In the 1950s, prime minister David Ben-Gurion queried 50 Jewish intellectuals
worldwide as to whom they would define as a Jew. In the 1980s, Israeli religious
parties wished to define who qualified as a rabbi in the Diaspora. By the 1990s,
the question became who was a convert to Judaism in Israel.
Today a new
low has been reached in this endless quest for conformity, as the Chief
Rabbinate has rejected the testimony of American Orthodox rabbis concerning the
singlehood and Jewish status of couples wishing to marry in Israel.
particular, the Chief Rabbinate arrogantly dismissed a certification to this
effect signed by the well-known New York City Orthodox rabbi, educator and
pro-Israel activist, Rabbi Avi Weiss.
Throughout his career, Rabbi Weiss
has vouched for the personal status of Jewish singles wishing to marry in
Shockingly, his name now no longer appears on a secret list of
“approved rabbis” whose testimony regarding Jewish and single status are
accepted by the Chief Rabbinate.
The end result is personal shock for a
Jewishly-committed young couple, a potential rift in Israel’s relationship with
world Jewry in general and American Jewry in particular, and yet another crisis
of credibility for the integrity of the Chief Rabbinate as an official
institution of the State of Israel.
At first glance, one might interpret
this outrage as one more illustration of a growing “haredization” of Israeli
While this is certainly true, the actual context lies in the
aftermath of the recent elections for the Chief Rabbinate.
Chief Rabbi David Lau owed his election to haredi (ultra-Orthodox) supporters,
and now promises to apply their most stringent criteria to matters of personal
Indeed, he appears to have reached an agreement to that effect
with Rabbi Avraham Sherman, the rabbinical appeals court judge who invalidated,
on a retroactive basis, thousands of conversions carried out by the respected
Rabbi Haim Druckman. The price of this latest capitulation to haredi extremism
is the risk of forfeiting inclusivity for all Jews wishing to return to the
Jewish homeland – the very rationale for Israel’s existence.
reason was given for the rejection of Rabbi Weiss, notwithstanding his long
record of service in the Orthodox rabbinate. Weiss does represent a moderate and
progressive voice within American Orthodoxy, and has drawn considerable fire for
establishing what he terms an “Open” Orthodox rabbinical school and a
counterpart institution for the training of women religious leaders with the
title of “Maharat.”
Needless to add, these expressions of an “open” and
“modern” Orthodoxy are anathema to haredi forces, who have become increasingly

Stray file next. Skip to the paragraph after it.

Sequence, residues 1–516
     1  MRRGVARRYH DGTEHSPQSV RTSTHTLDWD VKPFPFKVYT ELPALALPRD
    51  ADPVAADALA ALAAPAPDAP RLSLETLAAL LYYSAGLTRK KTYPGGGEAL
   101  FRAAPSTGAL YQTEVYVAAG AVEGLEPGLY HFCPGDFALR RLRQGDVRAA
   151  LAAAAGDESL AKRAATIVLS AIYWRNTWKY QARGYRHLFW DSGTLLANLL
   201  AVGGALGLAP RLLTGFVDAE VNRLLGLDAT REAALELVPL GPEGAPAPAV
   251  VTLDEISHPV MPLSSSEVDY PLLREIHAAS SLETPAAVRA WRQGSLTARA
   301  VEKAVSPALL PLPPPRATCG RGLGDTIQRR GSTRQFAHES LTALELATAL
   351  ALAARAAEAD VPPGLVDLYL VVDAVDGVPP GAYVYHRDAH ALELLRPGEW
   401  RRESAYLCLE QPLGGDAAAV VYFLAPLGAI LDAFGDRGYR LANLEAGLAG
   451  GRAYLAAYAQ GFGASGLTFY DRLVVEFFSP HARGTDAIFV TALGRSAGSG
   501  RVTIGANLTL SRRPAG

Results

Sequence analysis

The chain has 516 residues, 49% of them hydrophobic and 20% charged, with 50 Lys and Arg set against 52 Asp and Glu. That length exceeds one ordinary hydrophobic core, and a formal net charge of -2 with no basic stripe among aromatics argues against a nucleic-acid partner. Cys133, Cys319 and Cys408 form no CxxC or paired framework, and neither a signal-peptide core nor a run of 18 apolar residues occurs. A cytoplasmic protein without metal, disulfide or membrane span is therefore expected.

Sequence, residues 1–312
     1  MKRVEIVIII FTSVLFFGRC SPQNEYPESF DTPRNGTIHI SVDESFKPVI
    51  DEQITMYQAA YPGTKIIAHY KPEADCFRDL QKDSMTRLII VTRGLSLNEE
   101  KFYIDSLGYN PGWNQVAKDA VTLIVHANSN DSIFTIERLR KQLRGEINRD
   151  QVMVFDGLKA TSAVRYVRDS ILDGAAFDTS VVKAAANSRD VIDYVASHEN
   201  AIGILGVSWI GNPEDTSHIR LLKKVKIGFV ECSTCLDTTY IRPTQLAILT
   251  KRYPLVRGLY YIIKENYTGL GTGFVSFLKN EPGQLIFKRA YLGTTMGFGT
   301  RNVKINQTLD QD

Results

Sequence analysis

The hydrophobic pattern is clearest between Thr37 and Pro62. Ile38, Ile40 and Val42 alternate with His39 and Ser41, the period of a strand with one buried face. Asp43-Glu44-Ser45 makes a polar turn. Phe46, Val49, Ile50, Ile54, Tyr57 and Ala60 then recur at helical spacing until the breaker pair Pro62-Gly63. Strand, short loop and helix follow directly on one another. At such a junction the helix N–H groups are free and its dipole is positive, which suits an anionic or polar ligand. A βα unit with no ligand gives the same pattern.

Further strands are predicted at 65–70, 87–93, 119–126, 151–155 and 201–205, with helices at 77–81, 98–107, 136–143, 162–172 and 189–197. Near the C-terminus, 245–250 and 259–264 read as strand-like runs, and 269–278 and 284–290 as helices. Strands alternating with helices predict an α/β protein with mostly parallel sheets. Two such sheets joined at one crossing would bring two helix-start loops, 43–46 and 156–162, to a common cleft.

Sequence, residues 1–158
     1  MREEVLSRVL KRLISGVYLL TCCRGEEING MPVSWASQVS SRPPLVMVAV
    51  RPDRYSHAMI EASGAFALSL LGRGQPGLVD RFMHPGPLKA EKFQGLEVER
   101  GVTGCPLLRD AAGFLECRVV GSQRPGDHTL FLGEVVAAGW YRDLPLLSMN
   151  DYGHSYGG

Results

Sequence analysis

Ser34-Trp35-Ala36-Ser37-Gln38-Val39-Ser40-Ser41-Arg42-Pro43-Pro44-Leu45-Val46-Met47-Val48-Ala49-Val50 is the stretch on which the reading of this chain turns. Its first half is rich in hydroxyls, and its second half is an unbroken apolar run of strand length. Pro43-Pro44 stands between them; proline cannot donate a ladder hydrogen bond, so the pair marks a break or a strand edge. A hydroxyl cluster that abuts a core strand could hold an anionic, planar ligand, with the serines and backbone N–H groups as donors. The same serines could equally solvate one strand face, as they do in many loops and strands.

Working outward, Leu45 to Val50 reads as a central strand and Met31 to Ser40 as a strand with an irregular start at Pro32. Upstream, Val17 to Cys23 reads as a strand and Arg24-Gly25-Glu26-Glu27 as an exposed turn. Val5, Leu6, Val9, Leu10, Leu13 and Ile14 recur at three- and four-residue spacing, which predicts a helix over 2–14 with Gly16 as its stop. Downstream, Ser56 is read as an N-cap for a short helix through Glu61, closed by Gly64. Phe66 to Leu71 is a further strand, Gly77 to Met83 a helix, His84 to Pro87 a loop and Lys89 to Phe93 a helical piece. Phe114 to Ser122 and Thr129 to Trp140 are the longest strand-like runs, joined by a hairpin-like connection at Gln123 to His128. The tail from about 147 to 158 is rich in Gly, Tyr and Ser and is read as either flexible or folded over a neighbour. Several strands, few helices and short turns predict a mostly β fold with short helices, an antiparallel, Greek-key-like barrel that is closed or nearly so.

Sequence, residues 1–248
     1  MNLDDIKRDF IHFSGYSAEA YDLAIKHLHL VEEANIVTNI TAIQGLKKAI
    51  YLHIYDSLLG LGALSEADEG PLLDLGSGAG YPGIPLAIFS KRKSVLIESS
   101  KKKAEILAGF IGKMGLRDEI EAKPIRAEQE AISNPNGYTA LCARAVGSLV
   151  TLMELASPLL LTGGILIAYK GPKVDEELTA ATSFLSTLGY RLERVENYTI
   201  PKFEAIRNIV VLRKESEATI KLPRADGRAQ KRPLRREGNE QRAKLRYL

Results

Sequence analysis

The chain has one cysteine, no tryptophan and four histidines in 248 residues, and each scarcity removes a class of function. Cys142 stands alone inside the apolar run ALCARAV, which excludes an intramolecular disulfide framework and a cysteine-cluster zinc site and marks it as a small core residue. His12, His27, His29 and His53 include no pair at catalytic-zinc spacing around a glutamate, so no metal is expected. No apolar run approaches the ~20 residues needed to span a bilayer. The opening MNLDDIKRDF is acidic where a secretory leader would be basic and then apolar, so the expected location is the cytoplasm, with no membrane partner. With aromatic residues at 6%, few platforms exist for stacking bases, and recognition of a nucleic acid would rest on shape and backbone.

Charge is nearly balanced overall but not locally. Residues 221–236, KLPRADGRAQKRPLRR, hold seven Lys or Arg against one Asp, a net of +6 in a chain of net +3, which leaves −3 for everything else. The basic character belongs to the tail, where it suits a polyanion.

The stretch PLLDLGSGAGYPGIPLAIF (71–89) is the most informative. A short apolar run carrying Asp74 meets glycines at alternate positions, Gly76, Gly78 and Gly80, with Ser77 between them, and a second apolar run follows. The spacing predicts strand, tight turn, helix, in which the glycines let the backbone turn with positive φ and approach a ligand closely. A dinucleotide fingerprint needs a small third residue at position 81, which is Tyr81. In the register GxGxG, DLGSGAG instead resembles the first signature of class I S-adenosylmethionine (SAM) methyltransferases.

less hesitant to stoop so low as to prevent born single Jews from marrying one
This highly offensive and divisive incident may, of course, be
resolved expeditiously, assuming cooler heads will prevail. Nonetheless, the
implications for Israeli society are consequential.
Haredi parties are
now excluded from the governing coalition, and haredi society itself is
Haredi leaders, threatened by the specter of military
conscription (or alternate service) and the economic necessity for their male
followers to abandon the yeshivot and enter the workforce, fear the loss of
influence and political power within Israeli society.
In that context,
the Chief Rabbinate is mounting a lastditch effort to protect its monopoly over
matters of personal status as the last redoubt of tangible haredi
It is the height of irony that a leading institution of religious
Zionism, the Chief Rabbinate of the State of Israel, has fallen into the hands
of non-Zionist haredi leaders over the past four decades. Rather than accept
this status quo, however, the opportunity now exists for all those Jewish
Israelis who care about their link to their co-religionists in the Diaspora to
form a new social contract between the secular and religious elements of their
The Chief Rabbinate is rapidly losing its constituency, as few
look to it for religious leadership and legitimation. The current governing
coalition, consisting of secular and national religious parties – if it has the
will to do so, and if it had the full support of Prime Minister Binyamin
Netanyahu – could easily break the monopoly of the Chief Rabbinate over personal
Should those efforts succeed, Israel would be strengthened
as a democracy in which the ethos of Judaism permeates Israeli society, but
absent coercion of individuals to adhere to religious practices to which they
object on grounds of conscience.
Put simply, there is likely to be
greater respect for, and expression of, Judaic tradition if there are no laws
In this debate over the meaning of a Jewish state, the
voices of American Jewry must be heard and taken into
Delegitimation of American Jewry and its rabbis results in the
weakening of the attachment of American Jewry to Israel, and attenuates its will
to engage in pro-Israel advocacy.
That, in turn, could do longterm damage
to the special relationship between the US and Israel.
In other words,
diminished American Jewish attachment to Israel could be harmful to Israeli
No less importantly, Israel was established as the state of the
Jewish people. Efforts to divide Jewry, which the actions of the Chief Rabbinate
in delegitimating the personal status of American Jews may clearly bring about,
risk undermining Israel’s very raison d’être – the return of the Jews as a
people to homeland and sovereignty. In other words, the stakes couldn’t be
Dov Zakheim and Steven Bayme serve, respectively, as chairman and
director of AJC’s William Petschek Contemporary Jewish Life Commission